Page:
A common question in estate planning is: “How do I dispose of my ‘stuff?’” While bank accounts can have beneficiaries listed, and items like homes and vehicles can be titled over to a trust, passing on the jewelry, furniture, and antiques around our homes may be less obvious, but does not necessarily need to be… Continue reading “I Know What Will Happen to my Finances, but What Will Happen to my ‘Stuff?’”
Like we have discussed before on a previous post, every adult needs a Last Will & Testament or a Revocable Trust in place. However, more than half of all Americans have no planning in place! For simple estates, or at least the bare minimum for everyone, a Last Will & Testament is a good start. A Will… Continue reading Always have an attorney make your estate plan
When handling people's estate plans, I am often asked how life insurance, retirement accounts, and other “beneficiary” property should be handled with regards to the young children. More often than not, people with children want some or all of the proceeds of these accounts to go to their minor children. For example, if a client… Continue reading (Minor) Children in Your Estate Planning
Whenever an attorney creates a Revocable Living Trust for a client, the trust needs to be funded. "What does it mean to fund a trust?" is a common question that our attorney at the Skillern Law Firm gets from clients. It is a very important step in the estate planning process. To see what a Revocable… Continue reading Funding A Revocable Trust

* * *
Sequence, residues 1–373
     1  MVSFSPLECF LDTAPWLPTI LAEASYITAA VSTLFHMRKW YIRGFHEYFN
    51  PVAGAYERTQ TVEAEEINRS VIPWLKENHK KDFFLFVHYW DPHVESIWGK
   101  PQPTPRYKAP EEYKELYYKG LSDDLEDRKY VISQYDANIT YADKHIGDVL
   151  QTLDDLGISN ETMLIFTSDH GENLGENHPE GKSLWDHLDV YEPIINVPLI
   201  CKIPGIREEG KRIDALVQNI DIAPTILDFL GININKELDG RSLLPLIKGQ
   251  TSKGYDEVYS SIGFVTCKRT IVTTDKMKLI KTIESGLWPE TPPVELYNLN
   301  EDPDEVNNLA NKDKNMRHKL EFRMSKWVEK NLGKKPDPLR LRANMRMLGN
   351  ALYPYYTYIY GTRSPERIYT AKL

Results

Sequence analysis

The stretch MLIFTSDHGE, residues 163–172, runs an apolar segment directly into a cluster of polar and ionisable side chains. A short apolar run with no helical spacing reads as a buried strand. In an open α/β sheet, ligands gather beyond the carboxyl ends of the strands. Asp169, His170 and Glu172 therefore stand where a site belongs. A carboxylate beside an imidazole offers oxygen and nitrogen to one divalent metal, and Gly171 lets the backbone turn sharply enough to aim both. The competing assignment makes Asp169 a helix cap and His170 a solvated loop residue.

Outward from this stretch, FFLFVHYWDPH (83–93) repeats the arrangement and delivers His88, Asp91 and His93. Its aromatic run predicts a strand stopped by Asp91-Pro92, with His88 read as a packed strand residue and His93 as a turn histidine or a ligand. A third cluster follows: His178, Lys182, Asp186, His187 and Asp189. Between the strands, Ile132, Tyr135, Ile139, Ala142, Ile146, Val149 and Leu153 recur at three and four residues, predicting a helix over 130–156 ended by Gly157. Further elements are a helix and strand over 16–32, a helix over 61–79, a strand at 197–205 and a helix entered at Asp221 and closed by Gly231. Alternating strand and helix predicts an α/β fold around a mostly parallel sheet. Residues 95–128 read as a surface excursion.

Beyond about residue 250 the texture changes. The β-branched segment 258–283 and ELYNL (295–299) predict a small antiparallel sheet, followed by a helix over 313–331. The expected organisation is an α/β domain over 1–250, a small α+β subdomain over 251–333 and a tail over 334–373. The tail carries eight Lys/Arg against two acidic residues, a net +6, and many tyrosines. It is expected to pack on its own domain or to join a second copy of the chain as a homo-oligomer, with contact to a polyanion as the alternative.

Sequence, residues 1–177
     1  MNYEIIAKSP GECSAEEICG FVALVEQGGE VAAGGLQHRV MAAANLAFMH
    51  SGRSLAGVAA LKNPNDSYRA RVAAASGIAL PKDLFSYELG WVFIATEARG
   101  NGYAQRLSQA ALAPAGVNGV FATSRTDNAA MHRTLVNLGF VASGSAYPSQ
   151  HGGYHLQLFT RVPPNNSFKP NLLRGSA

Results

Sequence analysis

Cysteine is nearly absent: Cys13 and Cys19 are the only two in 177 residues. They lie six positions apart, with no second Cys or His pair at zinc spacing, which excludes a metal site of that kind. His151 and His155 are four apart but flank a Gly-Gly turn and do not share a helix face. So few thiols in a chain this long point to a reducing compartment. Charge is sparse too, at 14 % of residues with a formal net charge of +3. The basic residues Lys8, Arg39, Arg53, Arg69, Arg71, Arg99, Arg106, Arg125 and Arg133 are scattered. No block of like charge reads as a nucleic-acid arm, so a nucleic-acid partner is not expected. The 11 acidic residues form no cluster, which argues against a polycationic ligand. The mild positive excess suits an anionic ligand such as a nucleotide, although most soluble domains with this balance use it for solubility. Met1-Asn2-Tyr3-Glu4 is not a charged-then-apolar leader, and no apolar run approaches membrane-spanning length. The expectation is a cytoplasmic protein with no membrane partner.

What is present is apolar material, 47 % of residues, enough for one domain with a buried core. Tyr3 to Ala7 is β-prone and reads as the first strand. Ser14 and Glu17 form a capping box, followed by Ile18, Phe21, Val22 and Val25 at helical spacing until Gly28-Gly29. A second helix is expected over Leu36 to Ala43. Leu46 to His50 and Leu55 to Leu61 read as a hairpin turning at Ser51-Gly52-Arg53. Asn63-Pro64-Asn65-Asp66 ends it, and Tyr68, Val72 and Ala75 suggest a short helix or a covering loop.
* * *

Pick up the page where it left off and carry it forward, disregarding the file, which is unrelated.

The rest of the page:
Most, if not all, timeshare owners will have to decide, at some point in their life, who they want to receive their timeshares after they pass away. Most timeshares are real property interests, that are deeded into the owner(s)'s name(s). If a timeshare is held in an individual's name at death, just like any other piece of… Continue reading The Importance of Placing Your Timeshares Into A Trust
Most people that come into our office expect to need a "simple" estate plan. Usually, they mean a will, power of attorneys, and a living will. No trust, no tax planning, and no trust provisions for their children or other family members. Perhaps the initial motivator for this is the lower cost, but also the… Continue reading Should I Get A More Complex Estate Plan?
A lot of clients seem to be under the misconception that, if your will is valid, self-explanatory, and clear as to your intent, then it does not need to be probated. However, your Last Will and Testament is not effective until it goes through probate. It does not matter if it is clear and unambiguous!… Continue reading Why Does My Will Need To Be Probated?
One common scenario that estate planning attorneys encounter is clients who believe that deeding their home to their children solves the problem of avoiding probate. Most retired individual's main asset is their home, which many have paid their mortgage off. Such a situation is common for many of our clients, and the attorneys at Skillern… Continue reading A Common Error to Avoid Probate
Most people know that Revocable Living Trusts are a great way to avoid probate. And if you don't, please read a previous blog about probate and how a trust can help here. On today's blog post, Skillern Law Firm is going to discuss other ways to avoid probate if you already have a trust, or… Continue reading Simple Ways to Avoid Probate
Today on the Tulsa Estate Planning Blog, we're going to explain the difference between a living trust, a revocable trust, and an irrevocable trust. Specifically, what are the advantages and disadvantages of the types of trusts. So let's get started. A living trust and a revocable trust are usually, if not always, the same thing. … Continue reading Living, revocable, and irrevocable. Let’s talk trusts.